“We’re done translating Grandpa’s notes,” said my dad. “Would you, by some chance, be willing to go over them and turn them into a book?”
“Of course!” I replied right away. It sounded like no more than a thorough editing job. It struck me that my dad was surprised by my quick reply.
He sent the notes over. Grandpa Srulik spent a couple of months writing about his life. Then, my brother and father translated his notes from Russian to English.
I printed the translation and read over the notes in minutes; ten pages to summarize the life of a man who had had suffered enough heartache to fill a thousand lifetimes. As I read, I recalled him speaking about his life. I could see his muscles tense at some particularly difficult parts of his story. Reading other sections, I could hear him let out a hearty laugh as he tried to lighten the load on both the listener and himself by finding bits of humor in his infinitely painful life. Continue reading
In my many years of schooling across three continents, I’ve attended many Holocaust classes. Yet, during each lesson and every lecture, I felt that something was missing.
In high-school, we read The Diary of a Young Girl by Anne Frank, a beautifully written firsthand account – rightfully a must-read if there ever was one. But, as most of us know, Anne’s diary ends before her story does, saving the reader the worst of the Nazi atrocities. To my surprise, my high-school class covered little about the Holocaust other than Anne’s diary. And while the university courses on the subject went much further, there was still something missing.
Although, thankfully, the Holocaust ended many years ago, it was still much more real to me than any other historical subject I studied. If one were to guess who among all my family members had survived the Holocaust, no one would have suspected my grandpa. Nothing about him brought to mind the horrors of the Holocaust. He had an unassuming, easy-going demeanor, combined with an exceptional sense of humor. Whenever I think of him, I always remember him with a smile on his face. Most incredible, however, is that he was, without a doubt, the happiest person that I’d ever met.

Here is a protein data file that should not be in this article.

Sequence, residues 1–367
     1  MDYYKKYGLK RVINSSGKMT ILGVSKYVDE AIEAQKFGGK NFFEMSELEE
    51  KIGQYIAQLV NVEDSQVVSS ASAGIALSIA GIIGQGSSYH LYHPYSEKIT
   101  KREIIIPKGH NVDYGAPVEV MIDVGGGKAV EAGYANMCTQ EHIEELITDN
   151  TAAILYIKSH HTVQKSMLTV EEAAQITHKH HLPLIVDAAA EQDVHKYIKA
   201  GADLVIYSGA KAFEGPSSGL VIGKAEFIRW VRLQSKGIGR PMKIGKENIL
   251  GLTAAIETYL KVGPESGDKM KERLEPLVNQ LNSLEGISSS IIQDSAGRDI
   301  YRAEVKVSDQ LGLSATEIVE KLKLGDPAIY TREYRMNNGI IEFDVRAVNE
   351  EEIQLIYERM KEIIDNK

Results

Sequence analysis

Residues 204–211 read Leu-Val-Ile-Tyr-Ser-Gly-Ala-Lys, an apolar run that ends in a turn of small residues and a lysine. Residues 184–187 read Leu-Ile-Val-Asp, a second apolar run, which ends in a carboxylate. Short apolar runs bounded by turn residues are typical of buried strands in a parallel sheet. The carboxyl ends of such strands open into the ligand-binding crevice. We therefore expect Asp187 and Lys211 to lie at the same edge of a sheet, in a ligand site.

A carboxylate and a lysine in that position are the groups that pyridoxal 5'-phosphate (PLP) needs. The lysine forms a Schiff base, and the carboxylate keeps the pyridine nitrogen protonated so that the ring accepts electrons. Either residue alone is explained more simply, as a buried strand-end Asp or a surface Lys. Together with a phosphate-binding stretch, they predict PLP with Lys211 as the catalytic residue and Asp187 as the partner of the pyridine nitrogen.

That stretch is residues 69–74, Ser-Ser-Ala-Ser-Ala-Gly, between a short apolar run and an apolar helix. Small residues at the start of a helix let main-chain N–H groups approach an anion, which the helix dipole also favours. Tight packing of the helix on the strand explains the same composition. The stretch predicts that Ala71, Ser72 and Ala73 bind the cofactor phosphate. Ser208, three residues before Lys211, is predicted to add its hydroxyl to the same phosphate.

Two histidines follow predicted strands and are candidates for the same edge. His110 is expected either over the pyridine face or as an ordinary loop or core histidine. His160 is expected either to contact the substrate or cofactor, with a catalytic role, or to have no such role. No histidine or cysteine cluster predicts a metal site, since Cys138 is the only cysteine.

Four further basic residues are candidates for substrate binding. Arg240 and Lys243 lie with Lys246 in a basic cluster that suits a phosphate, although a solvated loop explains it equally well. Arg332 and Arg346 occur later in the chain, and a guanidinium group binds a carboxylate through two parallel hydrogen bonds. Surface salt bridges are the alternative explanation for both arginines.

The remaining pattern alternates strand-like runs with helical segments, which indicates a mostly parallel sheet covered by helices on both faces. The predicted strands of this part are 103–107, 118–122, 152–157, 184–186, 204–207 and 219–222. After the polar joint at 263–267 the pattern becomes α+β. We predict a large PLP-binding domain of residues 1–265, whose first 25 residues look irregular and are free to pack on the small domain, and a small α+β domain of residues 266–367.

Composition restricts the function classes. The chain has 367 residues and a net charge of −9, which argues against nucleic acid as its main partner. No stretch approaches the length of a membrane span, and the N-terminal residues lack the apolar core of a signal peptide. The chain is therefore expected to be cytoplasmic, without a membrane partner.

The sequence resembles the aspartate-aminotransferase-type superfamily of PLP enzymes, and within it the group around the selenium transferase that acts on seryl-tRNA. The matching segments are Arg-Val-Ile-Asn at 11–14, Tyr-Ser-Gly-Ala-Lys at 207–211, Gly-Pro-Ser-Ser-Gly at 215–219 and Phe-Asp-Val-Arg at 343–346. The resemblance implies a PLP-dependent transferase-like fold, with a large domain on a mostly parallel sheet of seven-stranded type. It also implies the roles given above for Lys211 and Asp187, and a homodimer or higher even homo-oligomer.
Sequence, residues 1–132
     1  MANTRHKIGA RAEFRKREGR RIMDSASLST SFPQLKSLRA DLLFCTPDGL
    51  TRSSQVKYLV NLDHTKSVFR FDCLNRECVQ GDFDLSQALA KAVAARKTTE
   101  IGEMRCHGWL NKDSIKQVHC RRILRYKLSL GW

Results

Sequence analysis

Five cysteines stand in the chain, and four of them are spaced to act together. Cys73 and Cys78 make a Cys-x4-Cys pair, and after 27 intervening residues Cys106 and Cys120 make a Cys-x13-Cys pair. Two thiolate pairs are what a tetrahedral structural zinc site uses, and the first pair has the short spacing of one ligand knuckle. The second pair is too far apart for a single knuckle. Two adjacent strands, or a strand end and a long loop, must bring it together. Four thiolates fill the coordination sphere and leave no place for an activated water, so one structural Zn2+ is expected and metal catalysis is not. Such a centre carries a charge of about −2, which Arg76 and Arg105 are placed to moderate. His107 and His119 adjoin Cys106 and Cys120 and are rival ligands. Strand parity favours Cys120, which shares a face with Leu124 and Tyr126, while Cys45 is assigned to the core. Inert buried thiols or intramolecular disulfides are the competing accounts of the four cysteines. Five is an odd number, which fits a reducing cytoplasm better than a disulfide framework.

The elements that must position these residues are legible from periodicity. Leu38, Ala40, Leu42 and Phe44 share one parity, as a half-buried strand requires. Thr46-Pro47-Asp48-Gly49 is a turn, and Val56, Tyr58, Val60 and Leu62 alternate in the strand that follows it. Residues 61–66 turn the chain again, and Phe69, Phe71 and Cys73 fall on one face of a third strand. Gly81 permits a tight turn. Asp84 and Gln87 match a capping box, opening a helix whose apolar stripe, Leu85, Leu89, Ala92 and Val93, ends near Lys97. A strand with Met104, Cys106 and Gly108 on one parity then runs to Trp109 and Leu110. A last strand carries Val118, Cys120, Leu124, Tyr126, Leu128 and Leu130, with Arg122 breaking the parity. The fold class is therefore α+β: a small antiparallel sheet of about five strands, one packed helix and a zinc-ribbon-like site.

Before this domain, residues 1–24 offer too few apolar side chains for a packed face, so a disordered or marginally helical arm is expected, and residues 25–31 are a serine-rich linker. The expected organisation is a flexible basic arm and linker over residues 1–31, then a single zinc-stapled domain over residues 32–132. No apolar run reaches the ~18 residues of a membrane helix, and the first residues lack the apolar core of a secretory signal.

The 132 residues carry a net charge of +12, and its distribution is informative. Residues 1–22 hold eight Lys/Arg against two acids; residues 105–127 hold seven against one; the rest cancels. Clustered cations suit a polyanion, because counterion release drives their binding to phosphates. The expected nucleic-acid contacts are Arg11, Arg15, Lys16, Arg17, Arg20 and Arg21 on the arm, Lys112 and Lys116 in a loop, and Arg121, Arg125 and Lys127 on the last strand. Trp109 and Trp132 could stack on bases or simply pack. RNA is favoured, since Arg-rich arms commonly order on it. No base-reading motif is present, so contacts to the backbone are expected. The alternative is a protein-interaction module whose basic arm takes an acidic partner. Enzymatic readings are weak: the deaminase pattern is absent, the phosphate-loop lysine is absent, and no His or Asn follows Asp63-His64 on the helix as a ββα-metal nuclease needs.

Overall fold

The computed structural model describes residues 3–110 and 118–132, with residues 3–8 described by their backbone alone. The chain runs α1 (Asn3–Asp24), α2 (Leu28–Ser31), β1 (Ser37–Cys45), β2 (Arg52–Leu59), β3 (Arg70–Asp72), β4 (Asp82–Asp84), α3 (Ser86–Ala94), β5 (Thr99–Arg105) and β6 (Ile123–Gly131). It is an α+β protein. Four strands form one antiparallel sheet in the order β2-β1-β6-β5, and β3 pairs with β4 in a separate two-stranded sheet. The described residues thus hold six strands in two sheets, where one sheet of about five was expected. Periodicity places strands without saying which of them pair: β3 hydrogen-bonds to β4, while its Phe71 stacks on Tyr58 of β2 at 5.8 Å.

For many years, I couldn’t reconcile my grandfather’s personality with all of the horrors that he and others suffered at the hands of the Nazis. Hope came when, many years later, I was asked to help put together his memoir. Of course, I was honored and agreed right away. Among the many reasons that I wanted to help with this important project was my hope to finally discover how Grandpa managed to survive so wholly.
Don’t we break down from much smaller problems? Don’t people in times of peace and plenty disintegrate and lose the will to live from problems that cannot even be compared with the atrocities such as the Shoah? What made my own grandfather so much more resilient?
There are two ways to look at Grandpa’s reaction to all that he had endured. The first, is that he had managed to be happy despite all that happened to him. He would have been a happy person no matter what. Had he lived a simple life in the Polish village of Nowosiolki where he was born, he still would have been an exceptionally happy guy. Having survived the Holocaust, and still retaining such contagious joy for life, suggests that he would have been a happy person no matter what would have happened to him.
The other perspective, expressed by some of my readers, is that Grandpa was happy precisely because of what he had endured. Seeing into the depth of darkness enabled him to gain a profound appreciation for all that is good in life. Indeed, I was delighted to learn that there were other survivors who had the same response as my grandpa. In contrast to what they have already been through, the trials and tribulations of normal life seem trivial. Instead of focusing on the negative, they are eternally grateful for what is good, appreciate the small things, and are glad to be alive. This is why, a small number of survivors are exceptionally happy people.
Which of these theories is true? One of these, or some combination of both? That’s the classroom discussion that I could have used. A discussion, a lecture, or a class that would proclaim to the world that there were people who the Nazis could not break. There were those who, against all odds, managed to survive the Holocaust both physically and emotionally, and went on to live vibrant, joyful lives.
Perhaps it makes a difference to know that there was a ten-year-old boy named Srulik Ackerman, who went on to live a life full of happiness despite all the horrors that he endured at the hands of the Nazis. After everything that he has been through, he must have laughed and smiled more than a dozen men in a single lifetime.
I hope that learning about Srulik and others like him will make it easier for students to digest this difficult material. Maybe this lesson on the strength of the human spirit will encourage teachers to cover Holocaust history more completely, instead of omitting the truly difficult, but essential parts of this dark spot in our history. Maybe, realizing humanity’s potential for resilience, and our capacity for joy and happiness no matter what comes our way, will help students find strength in their own lives.
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